During the next 18 months, Wharton faculty will travel worldwide on the Knowledge for Action Lifelong Learning Tour—from San Francisco to Munich and beyond—to connect with alumni and deliver rich content of a caliber only Wharton can provide. At the first event in Los Angeles on September 11, more than 75 alumni joined Wharton’s David Bell, the Xinmei Zhang and Yongge Dai Professor, for an interactive discussion about digital marketing.
“There is a rich culture and tradition that all Wharton students are part of on campus, and Lifelong Learning programming allows us to be the students and innovators we’ve all wanted to continue to be,” says Evan Eneman, W’99, and president of the Wharton Club of Southern California, who attended the event.
“I do find that my desire to apply, thankfully be accepted and ultimately enroll in the Wharton School at the University of Pennsylvania was intended to extend well beyond my four years in Philadelphia, and this programming allows me to re-engage not only with the intellectual power that stems from the School, but also the wealth of alumni that it has graduated,” he continues.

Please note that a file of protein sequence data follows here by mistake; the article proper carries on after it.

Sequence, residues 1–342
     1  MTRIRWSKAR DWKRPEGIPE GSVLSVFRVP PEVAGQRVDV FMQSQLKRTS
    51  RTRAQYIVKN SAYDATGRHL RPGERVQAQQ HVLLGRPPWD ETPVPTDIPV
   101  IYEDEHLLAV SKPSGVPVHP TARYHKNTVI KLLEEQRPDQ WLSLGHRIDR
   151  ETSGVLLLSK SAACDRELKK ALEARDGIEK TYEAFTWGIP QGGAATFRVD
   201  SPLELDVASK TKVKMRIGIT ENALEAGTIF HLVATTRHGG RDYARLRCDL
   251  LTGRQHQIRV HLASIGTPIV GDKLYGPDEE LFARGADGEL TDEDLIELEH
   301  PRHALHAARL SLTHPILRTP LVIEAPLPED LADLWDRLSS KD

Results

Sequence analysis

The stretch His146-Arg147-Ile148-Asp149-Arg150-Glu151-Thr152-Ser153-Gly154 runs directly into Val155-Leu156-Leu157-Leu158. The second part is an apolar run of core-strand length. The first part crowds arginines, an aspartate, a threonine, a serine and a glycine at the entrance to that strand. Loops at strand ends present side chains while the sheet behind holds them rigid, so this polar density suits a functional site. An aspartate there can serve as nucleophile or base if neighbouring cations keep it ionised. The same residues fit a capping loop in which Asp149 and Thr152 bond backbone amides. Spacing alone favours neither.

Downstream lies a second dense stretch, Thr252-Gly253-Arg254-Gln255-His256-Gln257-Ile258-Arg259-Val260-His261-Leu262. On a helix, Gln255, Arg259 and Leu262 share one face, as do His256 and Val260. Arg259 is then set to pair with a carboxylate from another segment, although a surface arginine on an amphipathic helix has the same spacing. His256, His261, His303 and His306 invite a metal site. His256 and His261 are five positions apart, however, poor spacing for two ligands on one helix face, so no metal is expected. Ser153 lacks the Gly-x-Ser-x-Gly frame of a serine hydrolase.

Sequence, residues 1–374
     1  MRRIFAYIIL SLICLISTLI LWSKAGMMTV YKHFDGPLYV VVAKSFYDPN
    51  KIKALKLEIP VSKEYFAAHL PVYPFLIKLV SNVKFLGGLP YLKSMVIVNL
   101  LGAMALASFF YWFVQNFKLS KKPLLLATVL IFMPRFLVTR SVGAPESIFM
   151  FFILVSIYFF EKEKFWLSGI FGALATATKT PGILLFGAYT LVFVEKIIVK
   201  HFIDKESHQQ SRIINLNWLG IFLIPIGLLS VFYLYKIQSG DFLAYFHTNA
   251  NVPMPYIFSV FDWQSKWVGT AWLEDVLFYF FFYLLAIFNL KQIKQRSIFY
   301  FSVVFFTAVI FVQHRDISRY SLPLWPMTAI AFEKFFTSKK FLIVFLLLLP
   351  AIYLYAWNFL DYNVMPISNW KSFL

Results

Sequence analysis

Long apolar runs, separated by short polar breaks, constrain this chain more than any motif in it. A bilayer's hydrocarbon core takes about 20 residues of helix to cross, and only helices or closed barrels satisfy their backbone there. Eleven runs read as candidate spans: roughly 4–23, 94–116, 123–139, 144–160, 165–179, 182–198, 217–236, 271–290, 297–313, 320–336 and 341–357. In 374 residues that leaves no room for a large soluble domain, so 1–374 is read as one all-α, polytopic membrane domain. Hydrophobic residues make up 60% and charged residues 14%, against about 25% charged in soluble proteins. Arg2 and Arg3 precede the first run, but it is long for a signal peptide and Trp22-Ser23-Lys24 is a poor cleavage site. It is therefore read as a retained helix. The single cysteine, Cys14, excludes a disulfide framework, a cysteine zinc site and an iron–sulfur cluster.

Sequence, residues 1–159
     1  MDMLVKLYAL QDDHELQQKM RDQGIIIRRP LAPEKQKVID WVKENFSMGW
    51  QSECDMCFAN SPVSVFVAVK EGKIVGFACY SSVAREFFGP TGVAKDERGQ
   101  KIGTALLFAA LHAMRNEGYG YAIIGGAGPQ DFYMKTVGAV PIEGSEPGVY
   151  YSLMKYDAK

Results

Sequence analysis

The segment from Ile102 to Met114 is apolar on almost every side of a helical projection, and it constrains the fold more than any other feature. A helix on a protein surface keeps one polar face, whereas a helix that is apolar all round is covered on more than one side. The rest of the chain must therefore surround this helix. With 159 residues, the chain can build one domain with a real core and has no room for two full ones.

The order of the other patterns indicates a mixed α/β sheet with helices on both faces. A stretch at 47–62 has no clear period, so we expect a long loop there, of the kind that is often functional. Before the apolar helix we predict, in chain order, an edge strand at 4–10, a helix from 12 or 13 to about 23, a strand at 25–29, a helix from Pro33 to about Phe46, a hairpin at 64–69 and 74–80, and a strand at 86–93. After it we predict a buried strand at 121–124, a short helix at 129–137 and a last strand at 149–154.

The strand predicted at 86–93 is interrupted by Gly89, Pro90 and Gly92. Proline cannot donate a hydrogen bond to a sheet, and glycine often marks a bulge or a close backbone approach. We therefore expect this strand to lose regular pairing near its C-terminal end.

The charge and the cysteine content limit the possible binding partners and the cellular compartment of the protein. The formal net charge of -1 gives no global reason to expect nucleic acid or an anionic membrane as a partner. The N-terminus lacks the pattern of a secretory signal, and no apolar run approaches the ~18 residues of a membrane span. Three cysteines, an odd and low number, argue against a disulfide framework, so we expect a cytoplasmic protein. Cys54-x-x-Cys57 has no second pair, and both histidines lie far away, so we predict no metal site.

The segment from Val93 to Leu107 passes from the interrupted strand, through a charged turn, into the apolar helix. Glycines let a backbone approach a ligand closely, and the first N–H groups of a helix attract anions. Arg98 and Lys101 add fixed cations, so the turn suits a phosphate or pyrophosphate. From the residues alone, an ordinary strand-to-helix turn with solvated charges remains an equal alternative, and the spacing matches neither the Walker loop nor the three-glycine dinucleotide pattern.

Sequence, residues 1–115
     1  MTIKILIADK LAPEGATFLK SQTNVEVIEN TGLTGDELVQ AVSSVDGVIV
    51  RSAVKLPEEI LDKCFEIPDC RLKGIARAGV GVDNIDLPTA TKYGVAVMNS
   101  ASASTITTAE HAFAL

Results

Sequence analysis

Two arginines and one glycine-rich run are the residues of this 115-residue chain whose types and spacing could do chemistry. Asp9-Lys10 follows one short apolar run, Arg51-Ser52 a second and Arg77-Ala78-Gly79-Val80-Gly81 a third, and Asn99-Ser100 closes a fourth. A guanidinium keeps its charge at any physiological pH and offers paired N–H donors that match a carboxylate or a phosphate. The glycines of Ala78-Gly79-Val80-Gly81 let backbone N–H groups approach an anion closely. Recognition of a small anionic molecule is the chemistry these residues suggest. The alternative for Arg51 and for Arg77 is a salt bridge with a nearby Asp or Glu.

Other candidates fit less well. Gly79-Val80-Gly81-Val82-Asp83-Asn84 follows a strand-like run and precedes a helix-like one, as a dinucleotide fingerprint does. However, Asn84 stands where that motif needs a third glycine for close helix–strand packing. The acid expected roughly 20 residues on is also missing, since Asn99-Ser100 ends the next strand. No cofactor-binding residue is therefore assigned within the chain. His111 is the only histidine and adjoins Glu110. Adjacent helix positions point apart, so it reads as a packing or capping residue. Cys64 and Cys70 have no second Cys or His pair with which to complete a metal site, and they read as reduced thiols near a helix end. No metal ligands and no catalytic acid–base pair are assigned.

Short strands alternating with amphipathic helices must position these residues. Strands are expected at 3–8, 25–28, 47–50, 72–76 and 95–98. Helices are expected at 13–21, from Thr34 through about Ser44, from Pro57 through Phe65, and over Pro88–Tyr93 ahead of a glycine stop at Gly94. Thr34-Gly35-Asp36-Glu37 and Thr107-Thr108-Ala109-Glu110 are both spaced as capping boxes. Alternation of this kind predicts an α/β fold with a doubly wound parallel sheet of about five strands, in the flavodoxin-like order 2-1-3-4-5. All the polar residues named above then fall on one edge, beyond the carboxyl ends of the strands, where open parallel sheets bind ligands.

Eneman is not the only Wharton graduate who has expressed the desire to continue a knowledge-building relationship with Wharton and his fellow alumni. During the past 18 months, the Wharton Lifelong Learning staff has conducted numerous interviews with graduates from around the world, who represent all Wharton degree programs and are at various career stages. The goal is to discover ways to build upon existing alumni programming. The result: Lifelong Learning initiatives that help Wharton graduates develop as professionals and enable them to learn about topics and issues that are relevant in business today, such as management, soft skills, innovation, entrepreneurship and beyond.
Lifelong Learning’s growing repertoire of opportunities extends to online resources, webinars, on-campus events, Global Alumni Forums and more; the tour is just one avenue through which alumni can access rich Lifelong Learning content. Like all Lifelong Learning programming, its content is shaped by alumni feedback. Lifelong Learning collects information from alumni surveys, focus groups, interviews and interactive online Topic Tournaments to determine what subjects truly impact alumni in a region. Together, this data shapes the information delivered during each event.
The Knowledge for Action Lifelong Learning Tour lecture in Los Angeles was followed by a Seattle event on September 13 about innovation, presented by Karl Ulrich, vice dean of innovation and CIBC Professor of Entrepreneurship and eCommerce.
Editor’s note: Visit www.lifelonglearningtour.com for a list of upcoming events; more locations and dates for the tour will be added soon.